The Safety Branch tried to streamline its work by instituting a “customer service” approach, borrowing this language from critical management audits of the entire district bureaucracy. Except the Safety Branch didn‘t take students or parents to be the customers, but rather other district offices, such as the facilities division. “Even though we had the authority to say this was a law they had to follow, we chose not to take that approach,” former Safety Branch director Susie Wong told investigators. “We tried to say we were there to assist, not to make them comply,” with environmental regulations. She added that, at the same time, her staff knew better than to permit anything illegal.


It was neither the Safety Branch nor the DTSC that first engaged Park Avenue again, but the district’s specially assembled “safety team” anchored by Bellomo and outside legal counsel Barry Groveman, a longtime district environmental adviser who is running for district attorney. Groveman recalls that last summer, the safety team learned that a vapor-extraction system to remove toxins from the soil at Gratts Elementary was being monitored and maintained by custodial staff, not by the Safety Branch. And that this practice was routine across the district. Acting on a safety-team recommendation, the school board and superintendent immediately ordered Safety Branch staff to take charge of school-safety systems. The school board‘s directive was virtually ignored for months — until top officials reiterated the demand, Groveman added. Meanwhile, the safety team headed by Groveman and Bellomo began to review the status of each of these sites, including Park Avenue.

The DTSC returned to Park Avenue only after being called in by the safety team last year. The role of the DTSC in school safety has expanded greatly over the past year. It is now the lead agency statewide for approving environmental-safety measures at new school sites.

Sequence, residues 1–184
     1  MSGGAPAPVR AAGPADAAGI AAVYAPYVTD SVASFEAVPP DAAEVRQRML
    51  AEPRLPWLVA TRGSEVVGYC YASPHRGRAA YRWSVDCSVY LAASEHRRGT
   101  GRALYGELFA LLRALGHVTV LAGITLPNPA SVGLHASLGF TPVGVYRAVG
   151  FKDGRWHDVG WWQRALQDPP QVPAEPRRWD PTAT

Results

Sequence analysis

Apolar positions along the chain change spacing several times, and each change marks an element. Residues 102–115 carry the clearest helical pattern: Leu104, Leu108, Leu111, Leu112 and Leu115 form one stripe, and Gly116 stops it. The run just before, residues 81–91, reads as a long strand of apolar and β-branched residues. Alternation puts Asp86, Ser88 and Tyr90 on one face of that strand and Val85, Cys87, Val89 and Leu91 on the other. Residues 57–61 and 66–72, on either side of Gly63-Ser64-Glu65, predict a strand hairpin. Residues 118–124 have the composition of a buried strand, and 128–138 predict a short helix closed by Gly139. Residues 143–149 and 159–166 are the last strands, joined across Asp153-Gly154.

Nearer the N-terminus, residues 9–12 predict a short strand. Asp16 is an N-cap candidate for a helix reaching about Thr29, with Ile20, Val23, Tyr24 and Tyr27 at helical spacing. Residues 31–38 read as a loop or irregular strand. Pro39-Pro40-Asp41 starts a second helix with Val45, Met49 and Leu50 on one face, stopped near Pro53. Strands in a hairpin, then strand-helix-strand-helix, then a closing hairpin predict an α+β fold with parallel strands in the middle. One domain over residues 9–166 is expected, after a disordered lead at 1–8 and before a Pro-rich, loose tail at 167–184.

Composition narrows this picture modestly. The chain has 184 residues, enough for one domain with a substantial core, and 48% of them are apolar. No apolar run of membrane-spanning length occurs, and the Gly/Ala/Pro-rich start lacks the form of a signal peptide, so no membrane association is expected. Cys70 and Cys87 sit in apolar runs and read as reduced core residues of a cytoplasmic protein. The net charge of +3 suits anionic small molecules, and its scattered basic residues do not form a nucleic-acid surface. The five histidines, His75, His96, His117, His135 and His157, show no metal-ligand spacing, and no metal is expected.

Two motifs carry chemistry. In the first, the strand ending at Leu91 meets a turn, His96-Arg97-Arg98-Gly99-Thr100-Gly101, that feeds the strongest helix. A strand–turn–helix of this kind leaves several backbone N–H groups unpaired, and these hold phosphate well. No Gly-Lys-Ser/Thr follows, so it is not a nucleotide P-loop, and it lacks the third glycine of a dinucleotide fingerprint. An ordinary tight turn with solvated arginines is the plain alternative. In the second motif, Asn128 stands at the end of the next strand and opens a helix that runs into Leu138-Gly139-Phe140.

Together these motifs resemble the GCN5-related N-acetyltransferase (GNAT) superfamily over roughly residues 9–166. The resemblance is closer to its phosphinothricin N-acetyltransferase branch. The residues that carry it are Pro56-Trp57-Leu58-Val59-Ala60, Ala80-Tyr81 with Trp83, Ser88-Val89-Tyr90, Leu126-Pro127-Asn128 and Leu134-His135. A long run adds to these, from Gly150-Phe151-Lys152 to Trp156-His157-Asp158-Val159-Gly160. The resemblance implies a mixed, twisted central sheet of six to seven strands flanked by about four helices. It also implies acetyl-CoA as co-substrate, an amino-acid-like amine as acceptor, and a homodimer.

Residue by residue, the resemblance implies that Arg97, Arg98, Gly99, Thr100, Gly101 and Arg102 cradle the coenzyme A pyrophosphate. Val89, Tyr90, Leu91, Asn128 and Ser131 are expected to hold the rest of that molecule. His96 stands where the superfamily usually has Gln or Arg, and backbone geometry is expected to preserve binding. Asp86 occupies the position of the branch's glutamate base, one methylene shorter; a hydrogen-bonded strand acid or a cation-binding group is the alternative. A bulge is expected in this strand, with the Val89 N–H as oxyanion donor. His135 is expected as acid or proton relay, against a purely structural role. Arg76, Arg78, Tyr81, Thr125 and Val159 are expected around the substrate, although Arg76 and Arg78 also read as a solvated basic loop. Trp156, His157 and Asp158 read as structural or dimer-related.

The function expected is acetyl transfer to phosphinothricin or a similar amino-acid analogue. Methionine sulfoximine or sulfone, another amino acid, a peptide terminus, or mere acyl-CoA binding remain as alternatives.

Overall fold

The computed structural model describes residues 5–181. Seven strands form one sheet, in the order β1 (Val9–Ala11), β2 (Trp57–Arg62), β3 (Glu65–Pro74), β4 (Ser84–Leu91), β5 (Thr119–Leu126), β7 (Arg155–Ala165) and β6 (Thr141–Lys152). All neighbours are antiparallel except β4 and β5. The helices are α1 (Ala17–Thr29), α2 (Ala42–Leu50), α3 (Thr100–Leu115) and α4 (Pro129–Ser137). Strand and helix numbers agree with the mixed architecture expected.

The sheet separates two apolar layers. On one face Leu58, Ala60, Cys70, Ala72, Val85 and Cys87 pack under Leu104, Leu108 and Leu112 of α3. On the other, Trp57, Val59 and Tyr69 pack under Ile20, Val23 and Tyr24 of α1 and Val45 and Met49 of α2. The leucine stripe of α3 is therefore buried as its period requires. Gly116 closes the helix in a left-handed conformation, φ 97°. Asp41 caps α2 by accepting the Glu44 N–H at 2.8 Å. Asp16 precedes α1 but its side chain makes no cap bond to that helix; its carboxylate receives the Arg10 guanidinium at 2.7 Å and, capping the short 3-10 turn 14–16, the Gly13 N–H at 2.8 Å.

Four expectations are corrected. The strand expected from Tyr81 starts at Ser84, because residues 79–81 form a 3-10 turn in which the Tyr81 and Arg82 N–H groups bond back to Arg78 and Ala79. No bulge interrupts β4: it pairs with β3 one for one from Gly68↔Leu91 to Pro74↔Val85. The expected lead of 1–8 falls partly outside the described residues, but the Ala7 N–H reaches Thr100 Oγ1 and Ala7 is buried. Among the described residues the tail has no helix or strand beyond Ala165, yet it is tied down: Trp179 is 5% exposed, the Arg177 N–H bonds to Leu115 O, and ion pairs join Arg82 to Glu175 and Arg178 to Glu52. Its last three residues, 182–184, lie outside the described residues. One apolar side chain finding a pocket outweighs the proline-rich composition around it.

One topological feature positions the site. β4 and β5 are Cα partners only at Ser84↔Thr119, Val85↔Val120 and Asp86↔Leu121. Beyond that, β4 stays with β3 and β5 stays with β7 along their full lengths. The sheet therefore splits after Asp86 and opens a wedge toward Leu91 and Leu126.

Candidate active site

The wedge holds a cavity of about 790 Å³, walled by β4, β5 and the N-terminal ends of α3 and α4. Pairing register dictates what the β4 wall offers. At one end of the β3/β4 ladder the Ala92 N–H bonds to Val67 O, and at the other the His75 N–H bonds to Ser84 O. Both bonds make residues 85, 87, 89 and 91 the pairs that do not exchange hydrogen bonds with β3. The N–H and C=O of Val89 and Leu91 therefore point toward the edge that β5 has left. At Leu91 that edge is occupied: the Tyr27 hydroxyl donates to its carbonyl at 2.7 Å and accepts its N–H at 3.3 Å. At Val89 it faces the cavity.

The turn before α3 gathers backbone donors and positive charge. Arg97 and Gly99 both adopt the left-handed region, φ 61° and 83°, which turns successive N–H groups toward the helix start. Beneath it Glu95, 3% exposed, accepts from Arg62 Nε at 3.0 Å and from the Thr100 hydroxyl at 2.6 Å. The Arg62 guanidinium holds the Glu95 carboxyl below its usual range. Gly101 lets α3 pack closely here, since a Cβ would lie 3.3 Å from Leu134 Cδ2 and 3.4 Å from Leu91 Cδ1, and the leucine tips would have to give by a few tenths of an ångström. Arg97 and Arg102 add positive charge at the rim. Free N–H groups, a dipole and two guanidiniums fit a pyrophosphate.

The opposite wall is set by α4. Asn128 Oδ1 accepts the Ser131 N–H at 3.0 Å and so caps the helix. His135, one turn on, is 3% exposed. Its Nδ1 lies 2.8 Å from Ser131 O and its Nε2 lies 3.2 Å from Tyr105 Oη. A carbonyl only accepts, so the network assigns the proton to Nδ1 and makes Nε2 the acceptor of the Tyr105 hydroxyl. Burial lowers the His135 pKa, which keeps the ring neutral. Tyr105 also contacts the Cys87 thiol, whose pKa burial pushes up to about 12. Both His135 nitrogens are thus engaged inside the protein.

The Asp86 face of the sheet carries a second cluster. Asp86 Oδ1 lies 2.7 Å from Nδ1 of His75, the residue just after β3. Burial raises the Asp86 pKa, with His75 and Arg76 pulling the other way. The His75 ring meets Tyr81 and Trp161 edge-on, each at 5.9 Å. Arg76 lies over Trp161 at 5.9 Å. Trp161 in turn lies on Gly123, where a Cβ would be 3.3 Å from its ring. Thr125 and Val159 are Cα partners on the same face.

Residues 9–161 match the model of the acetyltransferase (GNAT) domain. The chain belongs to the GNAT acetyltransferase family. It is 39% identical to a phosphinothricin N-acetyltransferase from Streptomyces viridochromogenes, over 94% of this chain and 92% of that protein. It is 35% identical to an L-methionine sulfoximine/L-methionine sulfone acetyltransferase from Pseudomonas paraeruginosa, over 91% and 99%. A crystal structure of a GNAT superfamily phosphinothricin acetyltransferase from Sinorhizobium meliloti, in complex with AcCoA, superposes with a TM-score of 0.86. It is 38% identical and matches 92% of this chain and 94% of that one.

Mayor Perez began to mobilize the community on the issue after learning of the DTSC consent order from reporter Terri Hardy of the Daily News, who included the lapsed agreement in a November article on contaminated school sites. But neither Hardy nor Perez knew about the vapor bubbles in the textured coating. The playground was shut down for two days last month while DTSC investigators slashed bubbles and tested the air for toxins on what City Clerk Galvan remembers as a windy day. Because the instruments registered no sign of an acute risk, the playground reopened, but Baker of the DTSC acknowledges that the tests were cursory and didn’t resolve matters such as the potential for harm from long-term, low-level exposures. A full DTSC-supervised investigation is expected to begin in April.

For Perez, who manages a building-materials store, the issue is intensely personal. As a young man, he hustled his first job at Cudahy Park, next to the school, where he became an assistant to the park janitor at the age of 15. Later, he did custodial work at the park, which also may suffer from dump contamination, while also beginning to manage recreation programs there. During the first scare, he eventually transferred his children from Park Avenue to a private school because of his persistent fears. Those children are now in high school, but he has a 3-year-old he‘d like to send to Park Avenue, which, despite its bland ’60s architecture, is a neighborhood focal point. To alert city residents about last week‘s community meeting regarding Park Avenue, Perez spent $350 to reproduce 700 fliers and mail out 250 notices.

At the meeting, it was standing-room only as more than 150 residents crowded into the recreation center adjacent to the school to hear state and district officials attempt, with mixed success, to calm them.

“We are not going away until this site is completely clean,” said the DTSC’s Martin Prisco, a “public participation specialist” with the DTSC.

Said Perez later, “I think the school district and the DTSC are at fault. I finally made up my mind after that meeting. I‘m going to be outspoken and do everything I can to see that the school gets fixed once and for all, and I have the full support of the community.”